Sourdough Yeast, growth rates at various temperatures
There is a graph going around which compares the growth of yeast to LAB across the temperature range. The yeast being compared is C. milleri. What disturbs me about this graph is that people interpret it as being the only yeast relevant to their sourdough. It's not.
C. milleri is not the dominant yeast species in ANY of the 567 sourdough samples genetically analysed by the http://robdunnlab.com/projects/sourdough . However, a lot of research has found C. Milleri to be present in the most powerful starters. Most of the older sourdough samples (the best and most well known) are dominated by the famous and well known Saccharomyces cerevisiae.
S. cerevisiae has been studied quite a lot, and its temperature dependent growth is fairly well studied and modelled .
I include a much better graph for this yeast (the upper solid line marked "Sc" is Saccharomyces cerevisiae. The lower dotted line is irrelevant).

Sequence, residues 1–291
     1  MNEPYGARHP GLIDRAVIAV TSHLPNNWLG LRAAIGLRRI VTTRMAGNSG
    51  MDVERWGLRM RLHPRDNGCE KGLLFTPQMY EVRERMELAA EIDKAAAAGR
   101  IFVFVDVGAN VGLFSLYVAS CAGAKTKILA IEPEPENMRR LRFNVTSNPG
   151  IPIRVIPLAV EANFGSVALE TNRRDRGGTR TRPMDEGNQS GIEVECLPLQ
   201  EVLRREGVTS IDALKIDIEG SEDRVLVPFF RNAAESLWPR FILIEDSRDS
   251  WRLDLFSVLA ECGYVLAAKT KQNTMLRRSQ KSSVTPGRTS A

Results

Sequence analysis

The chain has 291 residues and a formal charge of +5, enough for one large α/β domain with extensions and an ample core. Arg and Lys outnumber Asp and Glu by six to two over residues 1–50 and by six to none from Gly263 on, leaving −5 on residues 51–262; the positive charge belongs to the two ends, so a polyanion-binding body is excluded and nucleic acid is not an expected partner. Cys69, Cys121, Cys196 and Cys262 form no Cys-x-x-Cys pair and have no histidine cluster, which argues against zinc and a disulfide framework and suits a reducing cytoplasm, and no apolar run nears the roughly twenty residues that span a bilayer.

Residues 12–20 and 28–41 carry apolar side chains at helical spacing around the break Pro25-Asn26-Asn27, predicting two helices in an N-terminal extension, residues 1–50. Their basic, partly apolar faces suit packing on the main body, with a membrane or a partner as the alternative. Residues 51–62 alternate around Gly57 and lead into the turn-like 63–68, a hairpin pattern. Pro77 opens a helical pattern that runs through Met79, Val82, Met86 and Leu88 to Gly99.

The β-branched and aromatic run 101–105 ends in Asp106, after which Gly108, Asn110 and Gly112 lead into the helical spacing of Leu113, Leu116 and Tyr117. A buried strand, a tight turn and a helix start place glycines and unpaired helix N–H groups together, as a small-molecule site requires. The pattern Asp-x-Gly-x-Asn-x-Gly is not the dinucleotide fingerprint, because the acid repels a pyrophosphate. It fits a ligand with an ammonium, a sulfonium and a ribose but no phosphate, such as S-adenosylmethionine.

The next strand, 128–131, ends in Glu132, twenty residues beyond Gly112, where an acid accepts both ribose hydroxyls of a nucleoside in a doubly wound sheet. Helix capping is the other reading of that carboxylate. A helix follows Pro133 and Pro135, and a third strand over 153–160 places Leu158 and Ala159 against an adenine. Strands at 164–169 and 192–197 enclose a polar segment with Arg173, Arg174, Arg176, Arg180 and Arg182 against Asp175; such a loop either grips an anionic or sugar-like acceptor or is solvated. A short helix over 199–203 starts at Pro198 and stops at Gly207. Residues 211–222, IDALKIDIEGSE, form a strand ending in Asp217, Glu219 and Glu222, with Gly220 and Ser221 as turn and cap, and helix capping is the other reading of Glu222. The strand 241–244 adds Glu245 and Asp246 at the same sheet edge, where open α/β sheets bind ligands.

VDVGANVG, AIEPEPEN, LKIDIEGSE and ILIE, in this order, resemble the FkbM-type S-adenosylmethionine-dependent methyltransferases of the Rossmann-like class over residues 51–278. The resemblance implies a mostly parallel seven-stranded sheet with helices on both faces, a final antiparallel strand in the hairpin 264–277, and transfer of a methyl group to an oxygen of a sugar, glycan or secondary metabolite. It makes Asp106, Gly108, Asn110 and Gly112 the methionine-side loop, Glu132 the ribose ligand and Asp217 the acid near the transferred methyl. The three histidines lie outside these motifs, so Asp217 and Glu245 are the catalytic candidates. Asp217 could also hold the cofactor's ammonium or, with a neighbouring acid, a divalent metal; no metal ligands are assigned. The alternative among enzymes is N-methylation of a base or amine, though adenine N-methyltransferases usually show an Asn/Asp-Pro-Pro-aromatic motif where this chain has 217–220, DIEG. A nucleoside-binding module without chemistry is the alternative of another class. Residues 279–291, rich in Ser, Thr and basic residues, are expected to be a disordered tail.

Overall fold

I think both yeasts are relevant. The optimal temperature for maximizing your starter's leavening capacity [Edit: probably not, too many complicating factors, especially LAB competition] probably depends on what temperature you've been keeping it at (and thus the balance of yeasts), but I would expect it to be around 29-30C, which is damn good for both of these yeast varieties.
 Cheung et al., 2015, The Effect of Temperature on the Growth Rate of Saccharomyces cerevisiae.
 Mensonides, F.I.C., Schuurmans, J.M., de Mattos, M.J.T, Hellingwerf, K.J. and Brul, S. 2002. The metabolic response of Saccharoymces cerevisiae to continous heat stress. Molecular Biology Reports, 29: 103-106.
 Authur, H., and Watson, K. 1976. Thermal adaptation in yeast: Growth temperatures, membrane lipid, and cytochrome composition of psychrophilic, mesophilic, and thermophilic yeast. Journal of Bacteriology, 128 (1): 56-68.
 Salvado, Z., Arroyo-Lopez, F.N., Guillamon, J.M., Salazasr, G., Querol, A., and Berrio, E. 2011. Temperature adaptation markedly determines evolution within the Genus Saccharomyces. Applied and Environmental Microbiology, 77 (7); 2292-2302. https://www.ncbi.nlm.nih.gov/pmc/articles/PMC3067424/